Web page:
Mitered Corner Blanket

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Supplies needed: 

  • Two coordinating fabrics - see table below
  • Select firmly woven,  100% cotton flannel or firmly  woven cotton fabric or a combination
  • Chalk wheel or pencil
  • Ruler with 45º angle
  • Pattern paper
  • Thread to match
  • Basic Sewing Supplies (see Fact Sheet: FL/ST/Construction 2007/101) 

Blanket dimensions and amount of fabric needed: 

      Fabric Required
  Finished Size Back and Border Edge  Feature Fabric
Baby Receiving Blanket  36" X 36" 1 ⅜ yards 45" wide fabric  1 ⅛ yards 45" wide fabric
Toddler Blanket OR Adult Lap Throw 48" X 48"  1 ¾ yards 60" wide fabric* 1 ⅜ yards of 45" wide fabric

* Note: Fabric width is not standard in measurement. If the fabric is 1 or 2 inches smaller than either the 45" wide fabric or the 60" wide fabric, the blanket will still work but will be smaller than the finished size. If 60" wide fabric is not available for back and border edge buy two lengths and piece them.

Fabric preparation:

fabric preparation
Figure 1

Wash fabric before cutting to eliminate shrinkage and remove excess dye and lint. Press fabric. 

Sewing clue — Woven fabric grainline is established by pulling a thread across the fabric from selvage edge to selvage edge. Clip ½" into the fabric along one selvage edge. Grasp one or two crosswise threads between your thumb and index finger and pull gently while pushing the fabric toward the other selvage edge with your other hand. Cut along the line left by the pulled threads. When the thread breaks cut to the end of the thread. Sometimes a single thread is easier to see on the wrong side of the fabric. When working with flannel the crosswise grain thread is not very strong. It is therefore easier to fray the fabric until a continuous thread runs the distance of the fabric.

Fold the fabric in half—matching the selvages and the newly straightened edges. The fabric should lie flat with the edges matching. If it does not lie flat, realign the fabric by holding the long edge of the fabric along the selvage edge and gently “pulling” the fabric on the bias as shown in Figure 1. This will realign the threads so that the crosswise threads run at right angles to the lengthwise threads. 

Sewing clue - Becoming familiar with the markings in the Diagram Key will aid you in reading instructions. Most patterns have similar keys.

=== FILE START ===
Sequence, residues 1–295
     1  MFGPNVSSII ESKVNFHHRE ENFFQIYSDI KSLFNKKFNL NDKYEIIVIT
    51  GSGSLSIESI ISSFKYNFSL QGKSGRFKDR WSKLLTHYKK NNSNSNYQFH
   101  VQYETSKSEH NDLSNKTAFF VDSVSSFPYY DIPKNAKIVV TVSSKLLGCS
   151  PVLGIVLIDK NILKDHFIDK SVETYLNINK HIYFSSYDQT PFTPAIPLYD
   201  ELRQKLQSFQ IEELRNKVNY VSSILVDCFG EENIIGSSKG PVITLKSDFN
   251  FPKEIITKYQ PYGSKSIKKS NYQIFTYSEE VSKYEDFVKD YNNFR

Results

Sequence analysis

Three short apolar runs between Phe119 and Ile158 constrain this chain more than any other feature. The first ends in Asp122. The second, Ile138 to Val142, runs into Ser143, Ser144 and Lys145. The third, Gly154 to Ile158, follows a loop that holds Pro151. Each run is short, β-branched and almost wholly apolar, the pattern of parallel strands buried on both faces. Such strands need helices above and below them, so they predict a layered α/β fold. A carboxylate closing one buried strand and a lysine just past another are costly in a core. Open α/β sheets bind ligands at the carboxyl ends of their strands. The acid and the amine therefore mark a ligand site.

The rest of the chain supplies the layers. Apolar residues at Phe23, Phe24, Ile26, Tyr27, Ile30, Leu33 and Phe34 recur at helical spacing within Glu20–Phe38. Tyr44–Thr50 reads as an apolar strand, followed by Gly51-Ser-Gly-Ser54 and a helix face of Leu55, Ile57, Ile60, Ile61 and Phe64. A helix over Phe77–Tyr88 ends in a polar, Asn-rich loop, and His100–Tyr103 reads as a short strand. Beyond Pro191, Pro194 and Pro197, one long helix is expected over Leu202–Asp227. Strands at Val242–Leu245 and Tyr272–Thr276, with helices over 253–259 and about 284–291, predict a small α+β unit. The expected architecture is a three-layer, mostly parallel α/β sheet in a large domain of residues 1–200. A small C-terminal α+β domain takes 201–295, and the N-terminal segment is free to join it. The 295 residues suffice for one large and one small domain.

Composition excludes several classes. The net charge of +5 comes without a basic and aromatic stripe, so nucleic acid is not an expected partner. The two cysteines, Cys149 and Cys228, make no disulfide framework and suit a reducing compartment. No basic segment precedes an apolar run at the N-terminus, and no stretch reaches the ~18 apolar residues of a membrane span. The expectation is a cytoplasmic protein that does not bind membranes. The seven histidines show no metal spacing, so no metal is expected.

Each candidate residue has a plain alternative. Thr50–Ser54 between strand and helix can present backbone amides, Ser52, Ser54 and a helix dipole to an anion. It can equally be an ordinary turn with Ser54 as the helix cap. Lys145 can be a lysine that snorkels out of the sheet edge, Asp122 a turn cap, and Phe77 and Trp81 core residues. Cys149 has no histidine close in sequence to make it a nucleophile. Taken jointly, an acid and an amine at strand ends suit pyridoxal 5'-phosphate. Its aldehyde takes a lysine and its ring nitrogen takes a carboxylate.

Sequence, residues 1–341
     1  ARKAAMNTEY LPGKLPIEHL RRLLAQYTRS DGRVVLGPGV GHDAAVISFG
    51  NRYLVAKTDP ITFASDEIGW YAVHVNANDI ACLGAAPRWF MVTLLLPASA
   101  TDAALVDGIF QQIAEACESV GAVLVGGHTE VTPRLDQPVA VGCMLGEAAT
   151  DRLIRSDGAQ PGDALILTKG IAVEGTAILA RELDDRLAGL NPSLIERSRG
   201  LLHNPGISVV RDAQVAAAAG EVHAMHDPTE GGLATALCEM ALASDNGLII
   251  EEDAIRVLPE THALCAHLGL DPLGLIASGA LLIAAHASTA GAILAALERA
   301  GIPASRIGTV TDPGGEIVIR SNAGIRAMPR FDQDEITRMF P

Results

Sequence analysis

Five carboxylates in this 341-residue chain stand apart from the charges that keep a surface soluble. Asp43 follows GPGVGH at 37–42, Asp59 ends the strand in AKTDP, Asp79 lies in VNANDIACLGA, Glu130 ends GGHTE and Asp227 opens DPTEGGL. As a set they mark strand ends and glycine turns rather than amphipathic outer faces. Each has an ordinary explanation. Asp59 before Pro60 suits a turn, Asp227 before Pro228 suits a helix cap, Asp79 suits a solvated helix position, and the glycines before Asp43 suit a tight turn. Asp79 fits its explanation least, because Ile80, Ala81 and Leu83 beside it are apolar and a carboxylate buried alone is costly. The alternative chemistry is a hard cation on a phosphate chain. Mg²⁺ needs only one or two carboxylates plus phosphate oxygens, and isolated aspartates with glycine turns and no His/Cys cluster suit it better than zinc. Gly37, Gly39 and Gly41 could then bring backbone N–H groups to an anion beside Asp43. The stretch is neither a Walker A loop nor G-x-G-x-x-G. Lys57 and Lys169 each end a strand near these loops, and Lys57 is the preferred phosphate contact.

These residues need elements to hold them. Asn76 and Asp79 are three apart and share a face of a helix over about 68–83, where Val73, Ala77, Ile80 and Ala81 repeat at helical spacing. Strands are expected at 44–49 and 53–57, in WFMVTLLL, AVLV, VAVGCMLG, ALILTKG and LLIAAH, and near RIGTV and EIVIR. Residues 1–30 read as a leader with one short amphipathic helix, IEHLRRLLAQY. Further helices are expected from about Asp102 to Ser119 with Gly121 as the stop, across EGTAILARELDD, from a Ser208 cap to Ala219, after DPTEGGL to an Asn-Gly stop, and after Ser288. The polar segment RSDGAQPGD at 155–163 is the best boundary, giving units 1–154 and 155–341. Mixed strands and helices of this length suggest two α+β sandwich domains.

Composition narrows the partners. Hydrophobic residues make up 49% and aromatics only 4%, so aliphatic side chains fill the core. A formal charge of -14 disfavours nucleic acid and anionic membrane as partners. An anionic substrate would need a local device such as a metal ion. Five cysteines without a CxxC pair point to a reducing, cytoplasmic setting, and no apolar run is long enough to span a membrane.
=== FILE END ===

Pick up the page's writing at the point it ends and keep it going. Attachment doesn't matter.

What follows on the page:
Pattern markings:

Diagram Key:

right side of feature fabric

Right side of feature fabric

wrong side of feature fabric

Wrong side of feature fabric

right side of back fabric

Right side of back fabric

wrong side of back fabric

Wrong side of back fabric


stitching line

Blanket cutting instructions:

Step #1

  • Cut two blanket squares. One square from the back and border edge and the other from the feature fabric—using the dimensions on the table labeled “Size of Square Blanket Pieces.” It is critical that these two pieces are square.

Sewing clue — The lengthwise grain of flannel does not stretch compared to the crosswise grain which has considerable stretch. Matching opposite grains of the cut squares assists in getting the finished blanket to lie smoothly.

When stitching, sew with the crosswise grain next to the feed dogs. This will help ease any excess fabric caused by stretching. 

Size of Square Blanket Pieces
Back and Border Edge Feature Fabric 
43" X 43" 33" X 33" 
60" X 60" 43" X 43"

Matching opposite grains of the squares stabilizes the grain in the finished blanket. Using an even feed foot will also help. 

Blanket construction: 

Step #1

  • Before beginning construction of your blanket check to make sure the back and feature fabric pieces are square.
  • Identify the center of each side of the squares and mark with a pin.
  • Lay the blanket back fabric on a flat surface with the right side up.
  • Lay the feature fabric on top of the back fabric with right sides together. Match crosswise grain of feature fabric to lengthwise grain of back fabric.
step 1
step 2

Step #2

  • Match the center of the raw edge of the two pieces. Pin the two pieces together at the center point.
  • The border fabric should extend equal amounts beyond the feature fabric at both ends.
  • Pin the raw edges of the two fabrics together.

Step #3

  • Sew a ½" seam allowance along the pinned edge using a regular stitch length (12 stitches per inch or 2.5 stitches on the stitch length regulator). Start and stop stitching ½" from the end of the feature fabric. Back stitch the beginning and end to lock stitches securely.

Note: A ¼" seam allowance can be use for this project. If you choose to use the ¼" seam allowance your blanket will be slightly larger. Using the smaller seam allowance also eliminates the need to trim seams.

step 3

Step #4

  • Match the center of the two pieces and the raw edge on the opposite side of the blanket. Follow the measuring process as outlined in Step #2.